Posted in May 2012

Heckedy Peg, 1987

Heckedy Peg, 1987

Heckedy Peg is a story about a witch who turns seven kids, Monday, Tuesday, Wednesday, etc, into food and brings them to her lair where she plans to eat them. Their brave mother tracks them down and must guess which kid is which food in order to save them. With Heckedy Peg, Audrey Wood wrote a proper fairy tale. It’s dark and frightening, but in the end, the magic and terror are all dismissed through ingenuity, a moral is conveyed, and we are left with the black and white triumph of maternal good over a barren evil. Proper. Continue reading

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James Joyce’s The Cat and The Devil

James Joyce’s The Cat and The Devil

The Cat and the Devil is an Irish tale explaining the existence of a French bridge across the Loire. The devil builds the bridge for the people of Beaugency under the condition that the first to soul walk across it will be his. And who walks across it first? A cat. Who doesn’t walk. He runs. Because the townspeople pour cold water over him. That’s one way to outwit the devil. Continue reading

Switch on the Night, 1955

Switch on the Night, 1955

Here’s another little book by a big-name author. Ray Bradbury’s Switch on the Night was published in 1955 and illustrated by Leo and Diane Dillon. There is a little nameless boy who doesn’t like the night. He keeps it away by blazing lights around him at all times until a little moon-girl named Dark introduces him to the night. Continue reading

Maurice Sendak passes away

Maurice Sendak passed away this morning in a hospital in Connecticut where he had been since a stroke last Friday.  He was 83.  Read the NPR article  here. From interviews with Sendak, it might be said that he didn’t mind heading out of this world, happy to follow his dearly loved ones already gone.  And his death … Continue reading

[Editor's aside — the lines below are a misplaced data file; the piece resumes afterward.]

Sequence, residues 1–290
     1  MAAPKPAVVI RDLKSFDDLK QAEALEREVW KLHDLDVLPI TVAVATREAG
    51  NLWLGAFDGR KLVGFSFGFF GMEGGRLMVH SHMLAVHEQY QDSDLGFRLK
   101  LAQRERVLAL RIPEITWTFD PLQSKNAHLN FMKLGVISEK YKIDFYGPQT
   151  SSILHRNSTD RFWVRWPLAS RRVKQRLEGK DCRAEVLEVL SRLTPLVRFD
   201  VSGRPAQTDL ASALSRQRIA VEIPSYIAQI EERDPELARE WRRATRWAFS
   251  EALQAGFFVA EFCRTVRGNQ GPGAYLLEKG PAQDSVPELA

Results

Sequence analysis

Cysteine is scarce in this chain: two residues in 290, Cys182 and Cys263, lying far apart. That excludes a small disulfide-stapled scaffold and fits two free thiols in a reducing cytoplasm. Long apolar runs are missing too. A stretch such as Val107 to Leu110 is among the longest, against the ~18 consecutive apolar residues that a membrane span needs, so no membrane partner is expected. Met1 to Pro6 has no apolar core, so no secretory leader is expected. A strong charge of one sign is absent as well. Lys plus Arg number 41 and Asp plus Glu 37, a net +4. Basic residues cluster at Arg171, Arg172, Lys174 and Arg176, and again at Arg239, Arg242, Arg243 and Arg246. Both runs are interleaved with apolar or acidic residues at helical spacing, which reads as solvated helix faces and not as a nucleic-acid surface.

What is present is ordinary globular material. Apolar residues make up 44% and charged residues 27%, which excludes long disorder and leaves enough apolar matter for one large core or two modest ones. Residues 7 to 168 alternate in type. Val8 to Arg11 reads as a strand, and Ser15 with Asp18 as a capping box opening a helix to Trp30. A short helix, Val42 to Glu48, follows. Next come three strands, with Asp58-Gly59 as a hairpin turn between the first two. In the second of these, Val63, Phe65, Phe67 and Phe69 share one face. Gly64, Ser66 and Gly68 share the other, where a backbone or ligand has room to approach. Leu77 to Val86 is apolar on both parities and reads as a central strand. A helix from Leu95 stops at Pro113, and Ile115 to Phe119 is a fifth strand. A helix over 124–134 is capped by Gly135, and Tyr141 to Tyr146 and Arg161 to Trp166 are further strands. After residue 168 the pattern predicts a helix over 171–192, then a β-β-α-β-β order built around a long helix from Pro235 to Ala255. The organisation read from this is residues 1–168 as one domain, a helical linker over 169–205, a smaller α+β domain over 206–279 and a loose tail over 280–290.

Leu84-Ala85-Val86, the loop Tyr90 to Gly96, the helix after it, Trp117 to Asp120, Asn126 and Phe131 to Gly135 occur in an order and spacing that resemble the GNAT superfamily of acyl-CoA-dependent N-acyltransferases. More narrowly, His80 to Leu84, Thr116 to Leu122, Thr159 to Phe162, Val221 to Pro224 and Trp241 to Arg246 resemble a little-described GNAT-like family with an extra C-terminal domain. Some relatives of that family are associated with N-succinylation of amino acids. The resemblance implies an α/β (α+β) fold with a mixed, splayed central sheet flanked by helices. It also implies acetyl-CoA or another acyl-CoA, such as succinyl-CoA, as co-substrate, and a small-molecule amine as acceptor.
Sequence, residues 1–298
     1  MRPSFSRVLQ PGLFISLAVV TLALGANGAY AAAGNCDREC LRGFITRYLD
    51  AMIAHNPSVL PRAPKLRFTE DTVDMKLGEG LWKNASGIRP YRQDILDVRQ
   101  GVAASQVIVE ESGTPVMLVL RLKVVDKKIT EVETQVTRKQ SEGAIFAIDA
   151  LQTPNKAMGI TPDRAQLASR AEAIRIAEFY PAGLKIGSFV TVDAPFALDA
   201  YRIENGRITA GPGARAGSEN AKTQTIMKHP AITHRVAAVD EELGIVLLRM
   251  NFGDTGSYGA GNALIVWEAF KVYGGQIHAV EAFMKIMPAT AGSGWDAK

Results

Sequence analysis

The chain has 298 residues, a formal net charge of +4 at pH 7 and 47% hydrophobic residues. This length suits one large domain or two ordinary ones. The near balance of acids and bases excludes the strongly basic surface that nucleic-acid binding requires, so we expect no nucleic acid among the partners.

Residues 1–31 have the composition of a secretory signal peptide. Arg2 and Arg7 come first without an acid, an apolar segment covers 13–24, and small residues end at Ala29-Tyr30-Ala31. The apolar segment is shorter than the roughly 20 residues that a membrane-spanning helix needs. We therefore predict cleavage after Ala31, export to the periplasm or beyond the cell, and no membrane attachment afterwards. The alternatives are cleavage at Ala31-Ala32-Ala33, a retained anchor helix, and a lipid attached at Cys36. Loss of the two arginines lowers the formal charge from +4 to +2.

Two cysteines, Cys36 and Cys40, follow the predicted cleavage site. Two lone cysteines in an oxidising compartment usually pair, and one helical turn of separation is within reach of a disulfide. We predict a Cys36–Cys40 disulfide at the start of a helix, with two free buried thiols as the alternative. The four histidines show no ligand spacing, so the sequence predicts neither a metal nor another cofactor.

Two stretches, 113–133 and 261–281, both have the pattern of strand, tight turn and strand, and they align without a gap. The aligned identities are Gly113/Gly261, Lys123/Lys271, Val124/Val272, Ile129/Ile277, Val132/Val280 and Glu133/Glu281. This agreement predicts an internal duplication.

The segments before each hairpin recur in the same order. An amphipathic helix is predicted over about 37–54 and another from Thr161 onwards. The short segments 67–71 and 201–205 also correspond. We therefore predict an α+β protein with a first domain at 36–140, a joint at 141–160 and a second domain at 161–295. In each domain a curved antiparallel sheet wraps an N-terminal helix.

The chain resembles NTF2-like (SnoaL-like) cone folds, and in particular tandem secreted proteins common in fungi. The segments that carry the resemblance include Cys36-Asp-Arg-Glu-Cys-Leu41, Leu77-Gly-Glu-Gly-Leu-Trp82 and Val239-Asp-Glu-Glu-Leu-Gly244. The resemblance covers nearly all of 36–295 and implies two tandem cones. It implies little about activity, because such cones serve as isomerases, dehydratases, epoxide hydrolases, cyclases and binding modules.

The Crows of Pearblossom, 1944

The Crows of Pearblossom, 1944

If you like literature. If you respect the world of literature. If you respect and maybe even adore authors, those dark figures lurking in the shadows, those puppeteers in the world of words. If all of these ifs, and if you also happen to like picture books, could you think of a more compelling object … Continue reading

In the Night Kitchen, 1970

In the Night Kitchen, 1970

So, what’s great about Sendak’s next best known book? His second little dark haired hero, Mickey, falls into a surreal bakers’ world and saves the day by flying a dough plane to a giant milk bottle and getting the bakers the milk they need for the morning cake. Again, as in Where the Wild Things Are, imagination takes a boy to a world outside of his own. But this one’s got a slightly different kind of ending… Continue reading

Where the Wild Things Are, 1963

Where the Wild Things Are, 1963

When you read criticism on Maurice Sendak’s first hugely successful book (and there are academic essays, I assure you), you realize, holy shit, people have applied phrases like “colonialist or Freudian prism” and “the psychoanalytic story of anger” to this tail of an angry boy who sails to where the wild things are. This isn’t the first place that Where the Wild Things Are has been treated as a book whose readership has no age limits. Continue reading

Maurice Sendak, genius extraordinaire

Maurice Sendak, genius extraordinaire

Over the last five decades, Maurice Sendak has been the genius behind innumerable picture books, some of which have reached the status of irrefutable classics. Indeed, today Sendak is one of the most recognized names in illustrated children’s books. Born in Brooklyn in 1928 to Polish Jewish immigrants, he knew by the age of 12 that he wanted to be an illustrator. Continue reading